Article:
Preventing Cervical Cancer: Q & A
Questions answered by Beth Israel Deaconess Medical Center's Dr. Chris Awtrey, Division of Gynecologic Oncology, and Dr. Hope Ricciotti, Interim Chief, Obstetrics and Gynecology.
Q: What is cervical cancer?
The cervix is the lowest part of the uterus (womb) and connects it to the upper vaginal canal. Cancers of the cervix generally develop from the lowest portion where the uterus and the vaginal canal meet. Cancers are either described as squamous, which are similar to skin cells, or glandular (adenocarcinoma), which are similar to mucus secreting cells of the gastrointestinal tract.
In the United States there are estimated to be over 11,000 cases diagnosed this year and 3,670 women will die of the disease. Cervical cancers do not develop quickly from normal cervical cells, but gradually go through a progression from a precancerous state to cancer, a process which occurs as a result of exposure to the human papillomavirus (HPV). Thankfully, only a fraction of patients with precancers of the cervix (a condition known as cervical dysplasia) develop cancer.
Q: Can cervical cancer be prevented? How?
There are two ways to prevent cervical cancer. The first is to avoid exposure to the human papillomavirus (HPV) either by not engaging in intercourse or limiting the number of partners. Condom use also reduces the risk of getting HPV. Another good way of preventing the disease is to be vaccinated to the subtypes of HPV known to cause 70 percent of the precancerous condition (dysplasia) and the cancer.
The HPV vaccine Gardasil® is now available for women 26 and under. Because cancer of the cervix generally develops slowly and progresses through a precancerous state known as dysplasia, identifying and treating precancerous changes through the use of Pap testing cervical cells is the other way to prevent cervical cancer. Cells from the cervix can be sampled at the time of a pelvic exam using a Pap test, which can identify precancerous cells of the cervix.
Q: How do you screen for cervical cancer?
Screening for cervical cancer is performed at the time of annual pelvic exam by using a Pap test. We can sample some of the cells of the ectocervix, where these cancers generally develop and identify precancerous microscopically. This is how we identify a change before a real cancer develops. The biology of cervical cancer is that it happens to have a long (many years) precancerous phase, and that is why cervical cancer screening has been so successful.
Q: What exactly is a Pap test?
A Pap test is a sampling of the cells of the cervix using a brush or small, narrow scraping paddle. It is the most effective cancer screening tool that physicians have to prevent cancer. Sampling does not harm the cervix and for women having a pelvic exam the sampling is generally not a painful process and is well tolerated. Since we have been using Pap tests, the incidence of cervical cancer has dropped dramatically. Now, with the HPV vaccine, it should go even lower.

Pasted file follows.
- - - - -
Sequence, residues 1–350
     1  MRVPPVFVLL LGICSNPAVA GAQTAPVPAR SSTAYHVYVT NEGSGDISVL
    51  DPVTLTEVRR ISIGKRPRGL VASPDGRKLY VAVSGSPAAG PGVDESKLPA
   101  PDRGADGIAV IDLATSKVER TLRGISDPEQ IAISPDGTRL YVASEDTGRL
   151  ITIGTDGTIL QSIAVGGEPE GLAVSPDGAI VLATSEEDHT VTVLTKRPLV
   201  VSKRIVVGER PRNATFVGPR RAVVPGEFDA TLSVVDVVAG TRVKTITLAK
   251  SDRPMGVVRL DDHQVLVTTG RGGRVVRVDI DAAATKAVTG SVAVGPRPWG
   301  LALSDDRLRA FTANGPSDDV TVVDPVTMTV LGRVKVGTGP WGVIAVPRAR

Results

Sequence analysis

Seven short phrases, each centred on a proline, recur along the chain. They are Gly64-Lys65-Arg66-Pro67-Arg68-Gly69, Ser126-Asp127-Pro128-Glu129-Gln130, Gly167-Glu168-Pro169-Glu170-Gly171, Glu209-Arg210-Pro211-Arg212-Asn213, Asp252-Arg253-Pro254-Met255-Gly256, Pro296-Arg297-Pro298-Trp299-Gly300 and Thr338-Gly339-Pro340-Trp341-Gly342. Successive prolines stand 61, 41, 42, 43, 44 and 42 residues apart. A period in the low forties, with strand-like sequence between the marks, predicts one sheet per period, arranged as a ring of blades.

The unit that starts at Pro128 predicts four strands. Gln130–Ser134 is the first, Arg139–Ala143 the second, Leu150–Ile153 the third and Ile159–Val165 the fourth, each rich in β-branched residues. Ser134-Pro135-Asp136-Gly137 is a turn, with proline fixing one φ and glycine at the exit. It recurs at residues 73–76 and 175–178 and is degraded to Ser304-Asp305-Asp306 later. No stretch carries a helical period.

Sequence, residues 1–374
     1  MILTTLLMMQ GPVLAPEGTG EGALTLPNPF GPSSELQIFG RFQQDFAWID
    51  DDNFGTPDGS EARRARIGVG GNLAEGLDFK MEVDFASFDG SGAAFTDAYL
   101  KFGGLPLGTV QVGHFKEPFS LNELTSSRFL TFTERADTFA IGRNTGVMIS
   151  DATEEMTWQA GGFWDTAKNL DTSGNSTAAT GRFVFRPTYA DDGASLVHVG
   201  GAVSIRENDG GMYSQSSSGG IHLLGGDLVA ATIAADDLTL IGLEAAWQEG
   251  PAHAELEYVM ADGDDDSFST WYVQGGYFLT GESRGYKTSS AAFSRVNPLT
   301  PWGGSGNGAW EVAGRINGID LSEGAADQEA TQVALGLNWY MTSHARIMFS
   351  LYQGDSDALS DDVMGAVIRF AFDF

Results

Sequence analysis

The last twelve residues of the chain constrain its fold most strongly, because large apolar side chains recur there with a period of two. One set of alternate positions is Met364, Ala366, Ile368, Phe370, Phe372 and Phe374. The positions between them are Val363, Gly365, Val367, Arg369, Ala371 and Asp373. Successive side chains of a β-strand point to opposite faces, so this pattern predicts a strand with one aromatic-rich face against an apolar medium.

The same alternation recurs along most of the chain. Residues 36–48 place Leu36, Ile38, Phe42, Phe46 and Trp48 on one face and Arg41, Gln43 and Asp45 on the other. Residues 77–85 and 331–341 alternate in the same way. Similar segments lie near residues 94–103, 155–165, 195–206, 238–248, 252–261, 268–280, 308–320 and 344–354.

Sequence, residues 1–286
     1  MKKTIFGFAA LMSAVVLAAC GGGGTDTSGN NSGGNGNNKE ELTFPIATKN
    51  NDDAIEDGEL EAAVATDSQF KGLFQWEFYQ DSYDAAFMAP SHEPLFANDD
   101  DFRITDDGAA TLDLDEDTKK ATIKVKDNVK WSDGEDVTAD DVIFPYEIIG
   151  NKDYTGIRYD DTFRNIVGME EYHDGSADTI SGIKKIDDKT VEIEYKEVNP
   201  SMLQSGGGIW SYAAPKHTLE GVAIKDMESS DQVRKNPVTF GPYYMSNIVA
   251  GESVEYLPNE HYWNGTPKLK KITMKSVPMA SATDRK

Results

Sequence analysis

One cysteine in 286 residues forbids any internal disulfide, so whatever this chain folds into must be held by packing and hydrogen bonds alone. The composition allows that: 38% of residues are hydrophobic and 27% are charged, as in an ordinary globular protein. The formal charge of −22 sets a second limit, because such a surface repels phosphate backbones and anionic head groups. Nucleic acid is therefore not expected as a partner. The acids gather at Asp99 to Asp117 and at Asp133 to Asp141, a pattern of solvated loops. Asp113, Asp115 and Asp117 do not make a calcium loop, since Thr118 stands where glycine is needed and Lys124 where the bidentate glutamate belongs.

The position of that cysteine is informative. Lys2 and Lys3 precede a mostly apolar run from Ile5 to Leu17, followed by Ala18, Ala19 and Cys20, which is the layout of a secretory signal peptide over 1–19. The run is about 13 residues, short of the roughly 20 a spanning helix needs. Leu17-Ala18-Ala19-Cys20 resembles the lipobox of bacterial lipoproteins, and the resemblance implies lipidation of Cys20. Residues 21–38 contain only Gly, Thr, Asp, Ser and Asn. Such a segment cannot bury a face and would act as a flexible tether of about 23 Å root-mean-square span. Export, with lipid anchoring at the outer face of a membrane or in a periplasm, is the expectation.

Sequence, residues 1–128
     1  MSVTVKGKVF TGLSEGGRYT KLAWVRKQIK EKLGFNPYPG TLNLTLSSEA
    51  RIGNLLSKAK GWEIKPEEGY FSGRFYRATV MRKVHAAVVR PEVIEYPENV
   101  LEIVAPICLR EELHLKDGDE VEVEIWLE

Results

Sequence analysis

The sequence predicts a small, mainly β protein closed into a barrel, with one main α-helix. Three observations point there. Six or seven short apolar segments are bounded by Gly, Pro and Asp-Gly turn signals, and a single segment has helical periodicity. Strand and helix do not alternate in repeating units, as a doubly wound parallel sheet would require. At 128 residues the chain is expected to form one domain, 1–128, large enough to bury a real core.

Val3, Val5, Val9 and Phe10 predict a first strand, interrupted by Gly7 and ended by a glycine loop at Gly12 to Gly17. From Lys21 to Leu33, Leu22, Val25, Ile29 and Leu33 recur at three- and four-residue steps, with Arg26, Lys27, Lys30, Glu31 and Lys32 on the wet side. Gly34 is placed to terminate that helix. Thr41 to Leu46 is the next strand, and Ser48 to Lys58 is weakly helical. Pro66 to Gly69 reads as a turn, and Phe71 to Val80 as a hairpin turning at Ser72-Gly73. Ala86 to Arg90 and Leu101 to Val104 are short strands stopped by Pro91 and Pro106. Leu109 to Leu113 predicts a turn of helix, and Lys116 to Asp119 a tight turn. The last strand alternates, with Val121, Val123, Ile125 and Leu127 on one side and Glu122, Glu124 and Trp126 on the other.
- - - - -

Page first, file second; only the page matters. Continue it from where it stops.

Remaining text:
Q: Who should get a Pap test and how often?
The general rule is that women should start having annual pap tests at age 21, on a yearly basis. Once a woman has a series of normal pap tests for three straight years, this testing interval can be increased after age 30. However, this should only be done after consulting with your health care provider.
Q: What is the liquid-based Pap test?
Pap tests originally were performed by smearing the cells removed from the ectocervix on a glass slide. Innovations have revolutionized the old Pap smear and now practitioners in the U.S. generally use the new liquid-based test. This essentially replaces the glass slide. Now, the cells are taken from the brush and floated into a liquid preservative. This allows for less clumping of the cells on a slide and removes debris and mucus from the sample, which made the old Pap smears harder to read. Data on this new liquid-based technology shows that it reduces the number of tests needed to be repeated due to unclear sampling and may even increase the pick-up rate of cancers and pre-cancers. HPV testing is also done as part of the liquid Pap test, which adds to our ability to decide which Pap test results need treatment.
Q: Are cervical cancer vaccines approved by the FDA?
Cervical cancer vaccines are vaccines against the HPV virus sub-types that are associated with development of cervical dysplasia and cancers. The vaccine Gardasil® is FDA approved and is given as a series of three injections over six months, and ideally should be given to women prior to potential exposure to HPV; for example, before starting to have sexual intercourse. So it is currently recommended for young girls ages 9 to 11. However, it is FDA approved through age 26, and we are therefore doing "catch up" vaccines for young women to get them vaccinated.
Q: Who should receive the vaccine?
At this point the American Cancer Society recommends that the vaccine be given to girls age 11-12 and as early as age 9, at the discretion of a pediatrician. Older women up to age 26 should be counseled on receiving vaccination and are eligible to have catch-up vaccination. It is unclear if women older than 26 benefit from the vaccine. There is another vaccine awaiting FDA approval that will have a higher age cut-off.
Q: What is the age cut-off for receiving the vaccine?
At this point, the cut-off for receiving the vaccine is 26. Insurance will not cover the cost of the vaccine if you are older than 26.
Above content provided by Beth Israel Deaconess Medical Center. For advice about your medical care, consult your doctor.
Updated September 2012